While you're using Flash, open up your process list and watch the Flash process. You'll see it uses almost no CPU (always waiting for RAM to feed it) except when it first launches or when you're testing playback of a complex movie. But just using the IDE itself, CPU usage is extremely low. Nowhere near torture test level.
Did you try a quick Flash reinstall BTW?
I'm beginning to think it's an overheating issue. As far as I can tell, after a few hours running, the temperature ranges between 86 and 93 degrees Fahrenheit. I've been trying to find a safe temperature for an i7 core, what I have right now sounds a little high. My chasis has multiple fans and I have a hyper 212 for my cpu, but I still don't know if that's enough.
I'd like to run prime95 again, but I want to try and get this temperature issue situated first the tests push the cpu to 100%.
Haven't tried to reinstall Flash just yet. I'm going to see if I can get it to crash consistently first, like you suggested, to see if there's a particular set of steps that's freaking it out.
But, I'm really starting to think the temperature is playing a big role. You've also mentioned the same suspicion multiple times. Any feedback on that part?
You crashed within 4 hours so if heat is the issue then the only thing I'd suggest is testing while awake. Pick any time you'll be available to keep an eye on it. I've seen motherboards blow capacitors and that can be dangerous if left unnoticed (extremely rare and the PSU knows to shut down in this situation anyhow).
Your thermal range is perfectly fine. The "ideal" temperature is 39C (102.2F) for i7 4th generation and it only gets wildly higher (e.g. up to 100C on some older i7s, or 212F!). They have built in thermal throttling (not OS controlled) which will underclock to cool just as it will overclock when in ideal range. Pegging out a CPU at 100% is exactly what the chip is designed for. If you're not using 100% of your CPU at all times then it's simply underutilized. Don't worry at all about that.
Don't be afraid to push components. The longer you have something malfunctioning in your rig the longer you chance the problem getting worse or even out of warranty/exchange time.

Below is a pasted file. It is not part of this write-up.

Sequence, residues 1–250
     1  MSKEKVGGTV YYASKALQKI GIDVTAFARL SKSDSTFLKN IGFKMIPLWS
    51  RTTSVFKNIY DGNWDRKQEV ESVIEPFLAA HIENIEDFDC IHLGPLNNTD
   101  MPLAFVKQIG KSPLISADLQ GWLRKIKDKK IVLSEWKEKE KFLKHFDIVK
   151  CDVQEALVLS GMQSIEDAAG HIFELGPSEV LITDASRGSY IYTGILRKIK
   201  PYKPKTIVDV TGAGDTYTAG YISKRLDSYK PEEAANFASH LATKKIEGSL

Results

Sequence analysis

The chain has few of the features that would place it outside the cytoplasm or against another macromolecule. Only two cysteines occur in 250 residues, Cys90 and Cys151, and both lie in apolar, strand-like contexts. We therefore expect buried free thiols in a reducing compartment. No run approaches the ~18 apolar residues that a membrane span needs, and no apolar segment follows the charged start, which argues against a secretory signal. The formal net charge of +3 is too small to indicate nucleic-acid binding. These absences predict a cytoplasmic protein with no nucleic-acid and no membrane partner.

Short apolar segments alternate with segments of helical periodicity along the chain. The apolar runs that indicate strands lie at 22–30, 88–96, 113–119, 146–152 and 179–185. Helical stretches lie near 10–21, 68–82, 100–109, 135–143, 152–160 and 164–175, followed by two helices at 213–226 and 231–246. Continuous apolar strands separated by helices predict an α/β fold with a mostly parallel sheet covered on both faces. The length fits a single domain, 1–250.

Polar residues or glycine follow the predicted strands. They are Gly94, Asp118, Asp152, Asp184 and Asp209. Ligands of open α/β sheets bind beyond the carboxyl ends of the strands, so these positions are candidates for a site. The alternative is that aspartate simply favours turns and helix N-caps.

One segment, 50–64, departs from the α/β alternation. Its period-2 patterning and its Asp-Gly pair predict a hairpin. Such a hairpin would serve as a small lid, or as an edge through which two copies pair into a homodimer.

I'm glad you mentioned the issue of underutilizing the system because that's been another concern of mine, so thank you for bringing that up. It's more assuring to know that the parts are made to handle being pushed. That's a little more weight off my shoulders.
It sounds like heat isn't the issue after all. The range I described is all I've experienced so far, and as you said, those temperatures are fine.
So, I think I've found what's been crashing the program.
In particular, it's when I try to do something with a bitmap. I imported a simple black and white drawing (sketch of a clock) onto the stage, then traced it into a vector image so I wouldn't lose quality when I change its size. Lo and behold, the fans start to heave a little harder, the program slows down, and after a few minutes, it stops responding. I was watching the CPU performance in task manager and it showed 2.5 GB of memory being used and barely 10% in CPU Usage. What threw me off though was that in the graphs for CPU Usage History, I would see a very dramatic spike upwards anytime I tried to do something with the image in Flash.
I'm at a complete loss. Do I not have enough RAM?
Everything seems to be working fine. I tested Prime95 the other day for another 4 hours and had no failures. I'm going to run it again today hopefully for longer.
I'll wait to hear from you, then maybe I'll try reinstalling the program. Thanks.
It takes 10 minutes to reinstall, I'd think you'd do the easy part first ;).
Try tracing it to a vector in a different app like Illustrator if you can. The limited outline feature in Flash may just not be up to this bitmap if it's extremely complex or large.
Backing up, are you sure you need to stretch it so much a vector is required here?
Haha, yeah I guess that is the easy part. I'll go ahead and do that, see how it goes.
Don't think I have anything like Illustrator, but I think vectorizing images is definitely what's been setting off the program or at least working with bitmaps.
I was vectorizing just because I thought that would optimize the quality of the image. Is that wrong? I didn't think the image was very complex, so I thought there'd be no problem.
More news on running Prime95: I ran it for just over an hour, had one worker fail. Then I ran it again for 7 hours and 19 minutes without any errors.
Bitmaps render extremely fast (memory speed) with little to no CPU overhead (depending on what you're doing with the bitmap). Vectors require CPU to redraw, unless you're cachingAsBitmap, and at that point are just back to bitmap, except when you resize.
Tracing (to me) is for very specific images (cartoons, logos, simple ultra high contrast images). The colors generated do scale better as a vector but you will pay the penalty of performance loss.
The best way to know if you really need it considering you are the only person that knows the image you're scaling is to use it as a bitmap, scale it how you need and consider the results.
As for the hardware issue, prime95 should never fail. There is definitely a hardware issue, however I could not say what component is generating it yet. Motherboard, CPU or memory are still suspicious, although memtest made memory less likely.